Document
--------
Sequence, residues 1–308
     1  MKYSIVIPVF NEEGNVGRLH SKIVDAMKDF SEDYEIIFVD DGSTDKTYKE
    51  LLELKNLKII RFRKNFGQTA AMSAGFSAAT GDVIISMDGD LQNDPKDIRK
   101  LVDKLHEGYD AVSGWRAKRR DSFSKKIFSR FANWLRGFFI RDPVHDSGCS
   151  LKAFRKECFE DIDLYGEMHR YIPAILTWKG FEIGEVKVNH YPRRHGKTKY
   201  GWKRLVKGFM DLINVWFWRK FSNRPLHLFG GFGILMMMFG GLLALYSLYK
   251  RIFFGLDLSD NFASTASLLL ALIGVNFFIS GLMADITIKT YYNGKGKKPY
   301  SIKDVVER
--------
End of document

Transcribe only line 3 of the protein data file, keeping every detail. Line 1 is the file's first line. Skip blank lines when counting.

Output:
    51  LLELKNLKII RFRKNFGQTA AMSAGFSAAT GDVIISMDGD LQNDPKDIRK